The ledger hangers with only one seat and one pair of sides are used for holding the end of a ledger where a door or window is to be installed or the second floor terminates. See ledger hanger 1', for example in FIG. 10. All other ledger hangers have a second hanger seat 23 as seen in ledger hangers 1 illustrated in FIGS. 1-9 and also shown in FIG. 10. The seat is connected to the opposite side of the spline from the first hanger seat and is disposed at an angle 24 thereto. The angle differs depending upon the size of the dome to be constructed. The second hanger sidewalls 25 and 26 extend from the second hanger seat and connect to the second seat and the spline members along welded edges 27 and 28.
Preferably, the second hanger sidewall members are formed with second strap members 29 and 30 and extend outwardly therefrom. Bolt holes 22 are formed therein for the receipt of bolts to attach the hanger to the wood ledgers.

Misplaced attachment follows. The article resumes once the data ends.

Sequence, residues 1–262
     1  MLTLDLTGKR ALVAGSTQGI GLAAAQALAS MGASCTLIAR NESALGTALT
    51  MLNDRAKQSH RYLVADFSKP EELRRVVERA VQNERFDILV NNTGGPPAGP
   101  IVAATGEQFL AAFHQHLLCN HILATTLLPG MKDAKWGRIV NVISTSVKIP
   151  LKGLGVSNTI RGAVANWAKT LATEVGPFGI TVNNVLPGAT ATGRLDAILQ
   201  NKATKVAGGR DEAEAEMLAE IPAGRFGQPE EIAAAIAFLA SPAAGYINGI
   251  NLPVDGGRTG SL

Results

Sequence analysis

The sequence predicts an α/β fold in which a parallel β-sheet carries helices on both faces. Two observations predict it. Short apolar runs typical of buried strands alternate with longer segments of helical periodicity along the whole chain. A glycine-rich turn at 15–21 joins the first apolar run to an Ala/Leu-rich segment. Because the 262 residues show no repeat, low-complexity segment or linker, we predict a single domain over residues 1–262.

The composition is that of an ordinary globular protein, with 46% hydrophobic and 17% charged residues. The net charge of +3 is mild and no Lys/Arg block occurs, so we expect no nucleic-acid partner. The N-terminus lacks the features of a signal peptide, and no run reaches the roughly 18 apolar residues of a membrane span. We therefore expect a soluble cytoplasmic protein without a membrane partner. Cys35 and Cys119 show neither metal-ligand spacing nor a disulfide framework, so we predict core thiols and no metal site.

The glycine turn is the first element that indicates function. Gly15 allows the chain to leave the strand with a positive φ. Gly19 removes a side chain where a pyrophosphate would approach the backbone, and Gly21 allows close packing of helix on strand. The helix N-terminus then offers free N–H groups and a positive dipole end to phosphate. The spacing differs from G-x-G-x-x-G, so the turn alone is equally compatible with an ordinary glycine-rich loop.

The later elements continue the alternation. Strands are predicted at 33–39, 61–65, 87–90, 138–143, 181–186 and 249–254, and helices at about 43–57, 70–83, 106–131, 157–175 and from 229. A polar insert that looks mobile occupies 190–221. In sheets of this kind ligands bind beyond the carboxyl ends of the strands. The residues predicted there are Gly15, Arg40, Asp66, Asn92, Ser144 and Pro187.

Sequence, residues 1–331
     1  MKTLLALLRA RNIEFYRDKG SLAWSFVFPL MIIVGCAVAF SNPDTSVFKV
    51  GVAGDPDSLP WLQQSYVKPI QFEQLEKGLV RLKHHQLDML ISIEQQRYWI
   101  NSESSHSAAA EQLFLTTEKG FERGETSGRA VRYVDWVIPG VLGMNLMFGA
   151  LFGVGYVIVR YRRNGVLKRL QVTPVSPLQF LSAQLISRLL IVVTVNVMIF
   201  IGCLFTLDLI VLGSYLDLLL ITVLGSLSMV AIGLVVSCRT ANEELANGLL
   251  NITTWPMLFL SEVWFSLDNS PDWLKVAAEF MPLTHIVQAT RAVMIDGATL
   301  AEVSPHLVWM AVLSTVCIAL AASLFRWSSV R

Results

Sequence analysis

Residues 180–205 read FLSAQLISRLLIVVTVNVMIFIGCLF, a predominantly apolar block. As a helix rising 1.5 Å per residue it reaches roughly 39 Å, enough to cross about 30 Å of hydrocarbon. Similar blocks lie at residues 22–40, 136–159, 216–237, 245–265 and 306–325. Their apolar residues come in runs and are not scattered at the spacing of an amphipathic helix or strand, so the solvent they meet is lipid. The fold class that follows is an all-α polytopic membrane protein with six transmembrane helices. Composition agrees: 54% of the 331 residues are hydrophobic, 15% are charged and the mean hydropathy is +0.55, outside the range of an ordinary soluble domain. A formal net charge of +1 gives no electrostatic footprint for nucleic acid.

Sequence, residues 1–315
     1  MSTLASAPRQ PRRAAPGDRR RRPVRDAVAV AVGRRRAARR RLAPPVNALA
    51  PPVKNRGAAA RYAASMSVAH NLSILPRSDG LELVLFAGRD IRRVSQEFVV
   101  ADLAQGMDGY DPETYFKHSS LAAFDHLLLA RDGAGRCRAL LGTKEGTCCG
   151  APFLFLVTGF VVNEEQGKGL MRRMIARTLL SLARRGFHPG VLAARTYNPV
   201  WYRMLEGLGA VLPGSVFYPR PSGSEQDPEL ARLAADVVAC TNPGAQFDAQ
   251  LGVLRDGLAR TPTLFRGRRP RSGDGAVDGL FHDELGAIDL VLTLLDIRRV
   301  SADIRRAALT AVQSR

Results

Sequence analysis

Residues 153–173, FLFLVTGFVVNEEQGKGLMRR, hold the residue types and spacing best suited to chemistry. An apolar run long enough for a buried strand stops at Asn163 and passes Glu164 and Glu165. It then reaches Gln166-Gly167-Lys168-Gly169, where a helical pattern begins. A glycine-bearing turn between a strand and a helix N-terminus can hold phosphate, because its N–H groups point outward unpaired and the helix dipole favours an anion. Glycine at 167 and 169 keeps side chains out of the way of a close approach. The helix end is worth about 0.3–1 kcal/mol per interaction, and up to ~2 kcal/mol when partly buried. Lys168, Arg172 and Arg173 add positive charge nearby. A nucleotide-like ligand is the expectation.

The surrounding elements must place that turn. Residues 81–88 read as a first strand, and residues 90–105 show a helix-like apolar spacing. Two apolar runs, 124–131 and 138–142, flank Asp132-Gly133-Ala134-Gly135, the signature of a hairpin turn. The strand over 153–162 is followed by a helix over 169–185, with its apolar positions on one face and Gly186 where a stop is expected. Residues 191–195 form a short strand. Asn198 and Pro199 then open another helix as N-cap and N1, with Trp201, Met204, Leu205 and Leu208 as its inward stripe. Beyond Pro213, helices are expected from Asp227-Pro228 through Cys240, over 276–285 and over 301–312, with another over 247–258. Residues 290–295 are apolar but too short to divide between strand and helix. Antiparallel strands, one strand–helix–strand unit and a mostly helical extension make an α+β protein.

Pin 18 could be a simple U-shaped member threaded at both ends with nuts to hold the pin in place. The preferred form, however, is shown in FIG. 2 and is formed with a substantially straight base member 31 and two angularly related parallel legs 32 and 33. Leg 32 is formed with threads 34 for the receipt of locking nut 35. The length of base member 31 is slightly greater than the length of hub 4. Legs 32 and 33 have a length sufficient to traverse pipe 15 and hub 4 and have sufficient threads protruding for the receipt of locking nut 35. Openings 36 and 37 in pipe 15 receive the ends of pin legs 32 and 33.
Preferably, pin 18 is formed with a tongue 38 on leg 33 which extends at substantially a right angle thereto.